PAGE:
Thieu to Tournai

After enjoying the ascenseur, only a few kilometres down the road, Sophie even got to visit the ruined Chateau Harvé, so the day was going well for her.

I’ve just started tracing the movements of my great uncle Emile during WW1, and before I even get my teeth into his two wartime diaries, a have read the transcript and listened to the recording of an interview he gave in 1976. This has been helpful because he recounts his time in Mons, followed by the retreat to Le Cateau, which we passed through a couple of days ago. The battle at Le Cateau in August 1914 was the first major engagement the British had with the Germans.

He mentioned the village of Ors, just a little on from Le Cateau, and also the Belgian village of Wasmes. We visited Ors two days ago and Wasmes was next on today’s agenda.

Uncle Emile’s job was to organise the billeting of the soldiers, and so, because he could speak French, he was able to do all the negotiating with the locals. His language skills almost undoubtedly saved his life because his role was very much just behind the front line rather than on the front line itself. This way he went through the whole of WW1 unscathed, and was witness to some of the major battles of the war.

After Wasmes, we aimed for the second chateau of the day at Beloeil. We continued to dodge the heavy rain which we’d experienced en route, and after lunch we strolled around the outside of the closed chateau. Sophie was happy with the visit, so that was the main thing.

En route to Tournai, we made a detour to the nearby little village of Rongy. In the 19th Century, Sophie’s great great great grandfather, Francois de Faye, was a Protestant minister in these parts, with responsibility for the Tournai and Rongy areas.

Of course, two world wars have been particularly destructive to this part of the world, so it’s not as if any buildings remain that we can associate with him, but it has been interesting to visit these places with family connections.

So tonight we’ll be staying in the aire at Tournai. It’s a big town with the road pretty close, so hopefully the traffic will subside later or perhaps we’ll be lulled to sleep by the white noise of the passing vehicles.

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6 thoughts on “Thieu to Tournai

    1. We speak basic French and pretty much get by, but goodness, when we went to Spain and Portugal earlier this year, boy, did we feel completely lost language wise! We mustered together our basic courtesy words, and one or two essentials, bread etc! – but did feel a bit incapacitated!
      Glad you like my photos!
      Sophie

  1. We are in Portugal now. I am Spanish and grew up in Galicia, so we get by as languages are very similar. Hope you are getting better weather up there. It’s blowing a gale here. Motorhome rocking like a cradle. Really scary! Safe travels.

    1. You have a real advantage on the language front then Fatima. Must be such a help.
      We were in Galicia in spring in fact (all on the blog). We had a good trip.
      I absolutely loved the brioche style croissant that Lidl did – they were so scrummy! Bought some every time we shopped, which at Lidls is every couple of days. I have only found them in Galicia which is gutting! Tried googling to no avail! Have you had them? – any idea what they’re called?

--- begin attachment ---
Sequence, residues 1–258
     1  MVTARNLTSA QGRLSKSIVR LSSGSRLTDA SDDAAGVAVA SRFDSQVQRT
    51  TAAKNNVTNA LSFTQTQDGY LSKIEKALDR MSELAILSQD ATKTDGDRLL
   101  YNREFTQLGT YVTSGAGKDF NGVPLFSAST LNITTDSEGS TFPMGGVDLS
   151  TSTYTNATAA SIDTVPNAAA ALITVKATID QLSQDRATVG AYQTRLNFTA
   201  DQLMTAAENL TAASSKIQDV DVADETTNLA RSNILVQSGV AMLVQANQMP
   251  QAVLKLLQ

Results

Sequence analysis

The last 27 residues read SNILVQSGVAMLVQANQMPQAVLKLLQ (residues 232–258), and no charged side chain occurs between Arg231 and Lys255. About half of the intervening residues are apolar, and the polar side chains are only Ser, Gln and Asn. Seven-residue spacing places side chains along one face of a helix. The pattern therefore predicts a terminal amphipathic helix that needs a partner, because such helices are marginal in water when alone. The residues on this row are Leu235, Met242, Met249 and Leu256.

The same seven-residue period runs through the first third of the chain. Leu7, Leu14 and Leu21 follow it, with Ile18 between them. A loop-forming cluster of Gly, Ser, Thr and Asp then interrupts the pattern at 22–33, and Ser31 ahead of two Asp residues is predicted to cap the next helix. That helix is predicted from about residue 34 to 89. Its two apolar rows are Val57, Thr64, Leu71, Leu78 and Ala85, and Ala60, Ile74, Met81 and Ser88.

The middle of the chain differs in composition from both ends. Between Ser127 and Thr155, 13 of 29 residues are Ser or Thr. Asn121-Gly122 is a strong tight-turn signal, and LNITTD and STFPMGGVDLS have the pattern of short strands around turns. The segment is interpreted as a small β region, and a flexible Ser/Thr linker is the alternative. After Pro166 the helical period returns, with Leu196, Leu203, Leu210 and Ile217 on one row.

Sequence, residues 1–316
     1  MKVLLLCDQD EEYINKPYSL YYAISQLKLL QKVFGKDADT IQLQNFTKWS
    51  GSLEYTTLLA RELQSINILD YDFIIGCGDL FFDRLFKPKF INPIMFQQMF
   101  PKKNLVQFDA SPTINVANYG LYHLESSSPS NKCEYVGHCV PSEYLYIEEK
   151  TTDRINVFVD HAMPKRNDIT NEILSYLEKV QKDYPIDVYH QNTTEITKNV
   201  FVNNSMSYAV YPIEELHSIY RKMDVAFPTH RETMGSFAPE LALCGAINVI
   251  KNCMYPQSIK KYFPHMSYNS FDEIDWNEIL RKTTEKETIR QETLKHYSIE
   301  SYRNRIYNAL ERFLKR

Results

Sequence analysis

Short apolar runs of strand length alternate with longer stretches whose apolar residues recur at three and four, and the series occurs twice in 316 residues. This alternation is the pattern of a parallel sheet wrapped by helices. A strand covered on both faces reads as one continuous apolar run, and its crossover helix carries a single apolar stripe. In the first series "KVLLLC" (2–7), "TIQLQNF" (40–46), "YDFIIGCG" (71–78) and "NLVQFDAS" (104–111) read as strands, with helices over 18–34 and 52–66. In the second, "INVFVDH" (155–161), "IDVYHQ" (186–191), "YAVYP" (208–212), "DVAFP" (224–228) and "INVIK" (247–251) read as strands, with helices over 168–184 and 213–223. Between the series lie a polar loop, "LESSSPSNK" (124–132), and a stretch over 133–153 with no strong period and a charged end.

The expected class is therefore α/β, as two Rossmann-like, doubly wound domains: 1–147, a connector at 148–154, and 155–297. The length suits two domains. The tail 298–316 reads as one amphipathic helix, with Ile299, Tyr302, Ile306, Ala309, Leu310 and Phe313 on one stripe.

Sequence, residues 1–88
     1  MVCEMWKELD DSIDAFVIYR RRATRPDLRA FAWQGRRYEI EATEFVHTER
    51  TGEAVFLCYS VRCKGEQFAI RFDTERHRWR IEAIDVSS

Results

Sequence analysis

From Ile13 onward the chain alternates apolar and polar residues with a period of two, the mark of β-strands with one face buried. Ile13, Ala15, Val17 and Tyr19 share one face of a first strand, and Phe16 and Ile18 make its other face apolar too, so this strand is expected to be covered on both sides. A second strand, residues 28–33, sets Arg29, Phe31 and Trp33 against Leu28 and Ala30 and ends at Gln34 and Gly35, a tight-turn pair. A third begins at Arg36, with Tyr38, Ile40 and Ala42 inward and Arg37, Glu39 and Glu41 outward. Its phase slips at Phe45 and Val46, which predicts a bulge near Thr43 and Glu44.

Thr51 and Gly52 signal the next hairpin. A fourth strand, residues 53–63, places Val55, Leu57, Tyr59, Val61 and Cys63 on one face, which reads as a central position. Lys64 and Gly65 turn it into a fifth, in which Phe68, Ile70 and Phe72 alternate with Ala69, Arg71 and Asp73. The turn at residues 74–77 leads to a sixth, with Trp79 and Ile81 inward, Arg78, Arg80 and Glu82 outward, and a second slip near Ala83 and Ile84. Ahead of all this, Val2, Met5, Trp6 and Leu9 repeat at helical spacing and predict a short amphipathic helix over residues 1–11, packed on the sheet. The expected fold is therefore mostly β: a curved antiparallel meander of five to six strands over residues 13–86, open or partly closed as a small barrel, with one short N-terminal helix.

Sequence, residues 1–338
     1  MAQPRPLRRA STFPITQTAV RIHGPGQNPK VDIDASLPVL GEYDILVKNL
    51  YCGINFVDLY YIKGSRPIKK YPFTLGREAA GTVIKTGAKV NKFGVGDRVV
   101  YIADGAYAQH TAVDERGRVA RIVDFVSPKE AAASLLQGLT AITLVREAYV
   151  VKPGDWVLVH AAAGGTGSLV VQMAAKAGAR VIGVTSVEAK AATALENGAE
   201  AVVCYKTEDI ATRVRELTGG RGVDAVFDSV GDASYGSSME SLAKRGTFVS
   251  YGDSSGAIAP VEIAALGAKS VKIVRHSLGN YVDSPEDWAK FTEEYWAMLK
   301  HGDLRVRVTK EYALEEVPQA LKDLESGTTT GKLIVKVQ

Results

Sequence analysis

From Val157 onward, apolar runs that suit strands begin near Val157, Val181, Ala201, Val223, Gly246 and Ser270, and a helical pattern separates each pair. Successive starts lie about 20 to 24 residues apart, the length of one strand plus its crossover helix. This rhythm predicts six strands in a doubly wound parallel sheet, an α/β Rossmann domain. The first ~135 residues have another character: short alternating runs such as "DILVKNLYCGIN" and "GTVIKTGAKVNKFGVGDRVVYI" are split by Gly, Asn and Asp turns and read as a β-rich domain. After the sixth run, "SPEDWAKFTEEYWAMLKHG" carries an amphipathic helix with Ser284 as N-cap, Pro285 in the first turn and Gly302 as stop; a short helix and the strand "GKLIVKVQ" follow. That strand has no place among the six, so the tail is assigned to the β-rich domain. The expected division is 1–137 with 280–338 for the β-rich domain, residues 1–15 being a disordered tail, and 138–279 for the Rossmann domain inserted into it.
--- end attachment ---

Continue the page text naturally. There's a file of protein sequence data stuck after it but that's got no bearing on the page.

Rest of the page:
We touched on Portugal for a couple of days that same trip, for the achieving having got there!
      Was very windy here yesterday (St Malo way) – well, mainly a squall literally in the night. Didn’t get to be scary though. We have had 3 extra days tacked on to our trip due to industrial action at St Malo docks. Thankfully the motorhome has been a saviour as you can imagine. No accommodation issues! We should be back to Jersey tomorrow.
      Have a good time in Portugal and don’t get blown away!

      1. Thank you. We survived the night and are back in Galicia now (Nice aire at Boiro opposite beach), sunny and warm now. Not sure about those croissants, but I’ll look for you. We did a big shop in Gadis, which is also very good and cheap. Glad you had a good trip. Heard about ferry run aground in Calais heading for Dover! I wouldn’t have liked being at sea yesterday: I needed my sea legs in the van, as rocking like mad!!!! Hope Jersey has milder weather. All the best. 👍

      2. Glad that you got through that stormy weather ok. We are back in Jersey now and with the strong winds were delayed a bit until they subsided enough for the ferry to get us home comfortably! The boat was on a go slow (well, slower), to help in that regard too, so 2 hours instead of the usual 1 hour 20.
        I forget all the place names we visited in Galicia – in fact I forget all the names we visit everywhere! 😉. Boiro sounds a good spot! Great weather too!
        I wish I had noted what Lidl called those croissants and I can’t find my photo of them for the life of me! They looked like shiny smooth croissants, but were a brioche in texture and taste. Yes, do look out for them! – and try them! – and hopefully you won’t be disappointed!
        Jersey weather is wet and windy but pretty ok and seasonally what I’d expect. Carry on enjoying your trip!
        Bfn! 👋🏻

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